August 10, 2016

I'm not a freeloader, 1 percenters

I had a car accident (not my fault) about two months ago. I try to have some reasonable, non-Pollyanna gratitude, like noting it was the arm itself and not hand/wrist bones, and the left not the right. (It still was a serious accident, and assuming I get full recovery, that will take longer than normal.) Here's one big part of that.

On my arm, one other thing to be grateful for.

The US, of course, does not have a national health care system. (I know that in some Western nations, part of the healthcare is delivered through private insurers, and it's not totally single-payer, but said insurers are generally better regulated than the US and there may be some structural differences.)

My insurance has a pretty high deductible (between Obamacare bronze and silver, I'd guess, fellow Americans).

However, because I was driving to track down a possible news story (an alleged gas leak) ...  this is deemed on the job. And hence, workers' compensation system.

With allowance for deductibles, it's what private health insurance should be like, but sadly is not, in America.

I hadn't even thought about it, but company HQ started the paperwork either that Friday 6 1/2 weeks ago or the Monday after.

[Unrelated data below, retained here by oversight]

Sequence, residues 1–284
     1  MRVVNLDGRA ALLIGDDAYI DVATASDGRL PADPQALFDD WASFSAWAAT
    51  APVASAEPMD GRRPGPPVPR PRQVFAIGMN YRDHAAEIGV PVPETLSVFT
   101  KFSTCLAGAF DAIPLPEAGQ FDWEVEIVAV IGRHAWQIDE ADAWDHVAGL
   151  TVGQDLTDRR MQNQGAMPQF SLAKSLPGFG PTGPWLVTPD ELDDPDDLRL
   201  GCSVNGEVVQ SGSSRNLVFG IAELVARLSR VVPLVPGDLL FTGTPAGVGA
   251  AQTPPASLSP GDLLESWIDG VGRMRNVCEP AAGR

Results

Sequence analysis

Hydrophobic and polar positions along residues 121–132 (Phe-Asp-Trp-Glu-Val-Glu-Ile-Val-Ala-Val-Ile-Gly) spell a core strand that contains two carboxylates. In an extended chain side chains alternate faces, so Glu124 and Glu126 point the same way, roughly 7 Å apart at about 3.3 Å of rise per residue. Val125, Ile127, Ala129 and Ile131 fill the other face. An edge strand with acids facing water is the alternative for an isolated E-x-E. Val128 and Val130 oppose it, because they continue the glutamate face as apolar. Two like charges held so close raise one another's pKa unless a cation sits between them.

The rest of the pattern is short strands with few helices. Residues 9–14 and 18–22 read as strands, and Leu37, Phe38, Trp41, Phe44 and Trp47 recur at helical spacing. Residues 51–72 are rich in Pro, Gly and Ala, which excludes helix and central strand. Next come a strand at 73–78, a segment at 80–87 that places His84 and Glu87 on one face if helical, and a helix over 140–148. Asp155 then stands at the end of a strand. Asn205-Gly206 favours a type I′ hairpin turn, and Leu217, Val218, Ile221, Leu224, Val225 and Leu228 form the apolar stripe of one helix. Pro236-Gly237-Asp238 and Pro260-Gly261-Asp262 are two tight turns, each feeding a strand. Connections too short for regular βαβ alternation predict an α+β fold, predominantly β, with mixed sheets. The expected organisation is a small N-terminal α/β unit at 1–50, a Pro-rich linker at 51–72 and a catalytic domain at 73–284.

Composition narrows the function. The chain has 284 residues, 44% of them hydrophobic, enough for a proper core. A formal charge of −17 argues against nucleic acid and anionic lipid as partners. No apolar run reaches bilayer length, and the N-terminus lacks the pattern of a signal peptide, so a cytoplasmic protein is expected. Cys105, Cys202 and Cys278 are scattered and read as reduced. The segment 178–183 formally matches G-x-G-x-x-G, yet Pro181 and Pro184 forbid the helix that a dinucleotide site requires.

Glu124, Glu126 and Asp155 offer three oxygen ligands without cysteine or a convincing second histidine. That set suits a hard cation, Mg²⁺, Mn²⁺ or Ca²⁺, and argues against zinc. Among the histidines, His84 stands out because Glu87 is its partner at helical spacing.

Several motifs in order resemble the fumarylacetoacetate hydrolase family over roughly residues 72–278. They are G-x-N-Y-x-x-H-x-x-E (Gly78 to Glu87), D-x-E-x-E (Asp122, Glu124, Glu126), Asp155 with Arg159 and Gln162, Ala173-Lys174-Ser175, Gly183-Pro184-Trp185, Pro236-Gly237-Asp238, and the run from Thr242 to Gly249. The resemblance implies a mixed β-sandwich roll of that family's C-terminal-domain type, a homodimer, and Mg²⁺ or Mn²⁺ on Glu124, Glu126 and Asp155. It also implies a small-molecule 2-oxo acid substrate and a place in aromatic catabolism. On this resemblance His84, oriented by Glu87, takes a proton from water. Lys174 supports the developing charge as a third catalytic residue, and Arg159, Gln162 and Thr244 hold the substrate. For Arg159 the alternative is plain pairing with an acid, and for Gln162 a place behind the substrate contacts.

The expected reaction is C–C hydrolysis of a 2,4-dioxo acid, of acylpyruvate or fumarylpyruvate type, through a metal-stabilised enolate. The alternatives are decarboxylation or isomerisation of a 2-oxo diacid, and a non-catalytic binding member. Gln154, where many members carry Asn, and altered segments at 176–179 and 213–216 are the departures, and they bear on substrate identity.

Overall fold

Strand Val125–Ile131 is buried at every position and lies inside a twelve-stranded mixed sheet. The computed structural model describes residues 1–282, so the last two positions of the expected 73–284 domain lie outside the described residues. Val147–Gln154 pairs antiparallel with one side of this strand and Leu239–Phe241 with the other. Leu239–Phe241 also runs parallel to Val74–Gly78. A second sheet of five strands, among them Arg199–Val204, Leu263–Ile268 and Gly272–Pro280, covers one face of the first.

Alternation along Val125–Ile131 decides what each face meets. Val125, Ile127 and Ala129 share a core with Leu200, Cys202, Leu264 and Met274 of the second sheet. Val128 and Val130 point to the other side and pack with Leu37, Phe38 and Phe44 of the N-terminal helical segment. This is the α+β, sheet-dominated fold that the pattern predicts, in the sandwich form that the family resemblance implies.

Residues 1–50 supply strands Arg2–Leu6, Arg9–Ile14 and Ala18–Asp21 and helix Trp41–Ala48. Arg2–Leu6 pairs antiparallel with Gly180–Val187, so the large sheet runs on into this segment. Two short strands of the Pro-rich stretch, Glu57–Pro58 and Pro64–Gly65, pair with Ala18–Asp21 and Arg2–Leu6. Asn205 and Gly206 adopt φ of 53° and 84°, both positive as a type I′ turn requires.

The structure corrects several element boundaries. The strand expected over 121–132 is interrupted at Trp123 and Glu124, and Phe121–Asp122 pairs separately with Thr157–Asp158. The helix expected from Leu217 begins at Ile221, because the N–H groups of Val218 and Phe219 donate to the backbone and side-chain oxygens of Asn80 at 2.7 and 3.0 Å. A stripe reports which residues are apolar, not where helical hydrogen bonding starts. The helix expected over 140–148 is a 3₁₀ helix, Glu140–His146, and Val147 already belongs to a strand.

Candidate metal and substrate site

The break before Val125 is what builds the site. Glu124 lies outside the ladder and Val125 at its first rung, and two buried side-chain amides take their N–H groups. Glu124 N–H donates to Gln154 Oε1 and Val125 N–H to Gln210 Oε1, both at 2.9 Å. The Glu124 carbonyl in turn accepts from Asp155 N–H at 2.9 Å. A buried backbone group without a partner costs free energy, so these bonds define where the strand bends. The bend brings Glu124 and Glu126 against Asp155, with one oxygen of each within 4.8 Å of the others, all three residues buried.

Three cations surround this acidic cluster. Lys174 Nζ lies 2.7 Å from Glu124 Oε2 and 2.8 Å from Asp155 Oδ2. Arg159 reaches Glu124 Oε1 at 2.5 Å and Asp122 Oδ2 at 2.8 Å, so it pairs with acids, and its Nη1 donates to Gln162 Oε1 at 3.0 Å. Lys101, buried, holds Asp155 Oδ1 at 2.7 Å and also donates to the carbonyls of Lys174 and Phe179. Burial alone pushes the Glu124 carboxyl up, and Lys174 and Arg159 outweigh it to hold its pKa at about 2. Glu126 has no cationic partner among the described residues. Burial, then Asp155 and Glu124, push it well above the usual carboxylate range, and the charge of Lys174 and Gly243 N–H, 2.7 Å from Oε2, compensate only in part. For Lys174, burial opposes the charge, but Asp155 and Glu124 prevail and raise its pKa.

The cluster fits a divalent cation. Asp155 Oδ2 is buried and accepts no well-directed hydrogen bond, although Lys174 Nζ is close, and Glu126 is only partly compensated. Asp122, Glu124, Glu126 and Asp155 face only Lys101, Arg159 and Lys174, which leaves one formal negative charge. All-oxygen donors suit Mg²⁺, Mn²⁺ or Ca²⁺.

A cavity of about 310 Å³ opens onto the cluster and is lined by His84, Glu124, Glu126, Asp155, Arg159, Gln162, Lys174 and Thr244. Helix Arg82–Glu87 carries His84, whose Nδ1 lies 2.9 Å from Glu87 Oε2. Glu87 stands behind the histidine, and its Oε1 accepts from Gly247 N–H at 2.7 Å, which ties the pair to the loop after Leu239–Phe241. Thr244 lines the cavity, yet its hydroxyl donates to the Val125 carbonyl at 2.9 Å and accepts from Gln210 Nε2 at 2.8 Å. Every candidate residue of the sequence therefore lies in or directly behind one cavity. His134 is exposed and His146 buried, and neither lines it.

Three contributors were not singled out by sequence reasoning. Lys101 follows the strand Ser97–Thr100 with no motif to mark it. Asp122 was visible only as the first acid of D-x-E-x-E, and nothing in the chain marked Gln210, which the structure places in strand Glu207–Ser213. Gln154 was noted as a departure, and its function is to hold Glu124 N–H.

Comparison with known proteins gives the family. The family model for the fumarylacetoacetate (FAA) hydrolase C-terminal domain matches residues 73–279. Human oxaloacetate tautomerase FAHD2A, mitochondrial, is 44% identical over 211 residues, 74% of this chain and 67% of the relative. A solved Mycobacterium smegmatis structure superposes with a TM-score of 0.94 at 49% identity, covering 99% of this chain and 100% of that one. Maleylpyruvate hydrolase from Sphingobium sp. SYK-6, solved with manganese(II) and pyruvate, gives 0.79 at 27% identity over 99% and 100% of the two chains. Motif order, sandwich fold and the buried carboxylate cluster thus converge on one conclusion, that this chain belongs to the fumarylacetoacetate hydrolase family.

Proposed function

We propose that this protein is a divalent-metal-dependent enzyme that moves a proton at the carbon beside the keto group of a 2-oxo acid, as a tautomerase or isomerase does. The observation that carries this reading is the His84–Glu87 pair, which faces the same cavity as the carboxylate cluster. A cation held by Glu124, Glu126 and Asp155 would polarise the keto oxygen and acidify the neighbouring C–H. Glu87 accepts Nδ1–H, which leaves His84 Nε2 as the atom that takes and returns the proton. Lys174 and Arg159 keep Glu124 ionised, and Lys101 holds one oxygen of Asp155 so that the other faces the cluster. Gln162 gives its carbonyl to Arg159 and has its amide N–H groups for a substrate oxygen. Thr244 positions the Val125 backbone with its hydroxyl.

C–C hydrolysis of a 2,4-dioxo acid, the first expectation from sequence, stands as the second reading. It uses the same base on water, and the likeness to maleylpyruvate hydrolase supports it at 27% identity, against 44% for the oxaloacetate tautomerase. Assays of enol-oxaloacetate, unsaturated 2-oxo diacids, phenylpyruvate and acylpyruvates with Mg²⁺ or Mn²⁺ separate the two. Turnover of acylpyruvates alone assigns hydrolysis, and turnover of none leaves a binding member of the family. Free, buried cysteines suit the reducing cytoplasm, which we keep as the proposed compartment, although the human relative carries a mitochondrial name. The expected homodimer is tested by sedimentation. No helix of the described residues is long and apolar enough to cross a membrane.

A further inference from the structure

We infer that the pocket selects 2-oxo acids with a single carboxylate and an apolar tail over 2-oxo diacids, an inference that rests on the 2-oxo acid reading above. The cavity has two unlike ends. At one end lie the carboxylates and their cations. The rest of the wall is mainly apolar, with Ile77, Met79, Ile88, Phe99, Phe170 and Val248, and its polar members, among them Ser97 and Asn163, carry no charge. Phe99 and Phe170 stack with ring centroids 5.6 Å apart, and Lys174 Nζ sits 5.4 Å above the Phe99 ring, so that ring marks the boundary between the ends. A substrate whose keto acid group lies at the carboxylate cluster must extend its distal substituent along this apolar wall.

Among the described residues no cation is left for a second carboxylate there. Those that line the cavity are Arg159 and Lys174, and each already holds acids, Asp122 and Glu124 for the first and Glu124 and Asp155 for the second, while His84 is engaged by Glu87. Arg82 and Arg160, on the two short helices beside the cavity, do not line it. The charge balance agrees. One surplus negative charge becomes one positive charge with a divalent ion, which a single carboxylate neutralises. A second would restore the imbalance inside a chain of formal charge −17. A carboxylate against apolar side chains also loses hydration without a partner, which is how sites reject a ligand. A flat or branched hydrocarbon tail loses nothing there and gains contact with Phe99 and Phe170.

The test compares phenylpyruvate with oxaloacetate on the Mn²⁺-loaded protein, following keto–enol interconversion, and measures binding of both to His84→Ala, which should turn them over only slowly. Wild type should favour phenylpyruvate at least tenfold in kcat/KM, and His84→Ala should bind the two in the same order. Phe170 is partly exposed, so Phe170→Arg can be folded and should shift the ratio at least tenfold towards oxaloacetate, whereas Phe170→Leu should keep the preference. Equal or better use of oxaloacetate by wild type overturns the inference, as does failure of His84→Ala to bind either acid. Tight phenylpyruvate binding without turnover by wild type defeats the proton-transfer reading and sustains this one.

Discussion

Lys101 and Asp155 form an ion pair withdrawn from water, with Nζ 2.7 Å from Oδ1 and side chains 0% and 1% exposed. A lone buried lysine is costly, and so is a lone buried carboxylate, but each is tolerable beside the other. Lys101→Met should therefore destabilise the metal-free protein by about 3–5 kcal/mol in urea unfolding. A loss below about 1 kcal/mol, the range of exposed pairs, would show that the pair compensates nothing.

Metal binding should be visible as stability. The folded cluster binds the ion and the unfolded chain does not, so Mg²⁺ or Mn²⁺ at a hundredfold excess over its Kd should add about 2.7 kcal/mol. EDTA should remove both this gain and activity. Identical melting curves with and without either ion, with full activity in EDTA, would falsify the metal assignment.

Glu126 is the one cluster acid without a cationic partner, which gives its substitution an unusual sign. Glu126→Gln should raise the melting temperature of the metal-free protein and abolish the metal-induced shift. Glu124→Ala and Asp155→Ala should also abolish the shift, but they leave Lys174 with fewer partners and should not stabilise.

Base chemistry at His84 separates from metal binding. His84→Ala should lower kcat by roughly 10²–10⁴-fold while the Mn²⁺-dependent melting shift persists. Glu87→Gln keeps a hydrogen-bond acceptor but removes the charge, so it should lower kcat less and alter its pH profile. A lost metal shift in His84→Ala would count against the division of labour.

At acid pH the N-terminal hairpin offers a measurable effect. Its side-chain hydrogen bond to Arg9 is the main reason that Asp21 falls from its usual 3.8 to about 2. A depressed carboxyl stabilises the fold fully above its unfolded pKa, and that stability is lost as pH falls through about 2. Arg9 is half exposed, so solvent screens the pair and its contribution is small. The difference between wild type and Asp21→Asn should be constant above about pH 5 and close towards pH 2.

If anything, the gas company being extremely cheap on the amount of PR people it employs and the lack of proactiveness when an alleged leak happens, let alone when it becomes public knowledge, is the freeloader — freeloading on the public trust.

That said, workman's comp has its downside too, which includes sometimes being even slower than regular insurance to approve claims and procedures.

This is also yet another way in which the portion of the 99 percent who vote Republican vote against their own interests. The Republican master class thinks workman's compensation, like unemployment benefits, is freeloading. Of course, much of the moneybags that feed the Democratic master class, if not (yet) the master class itself, also feels the same way.

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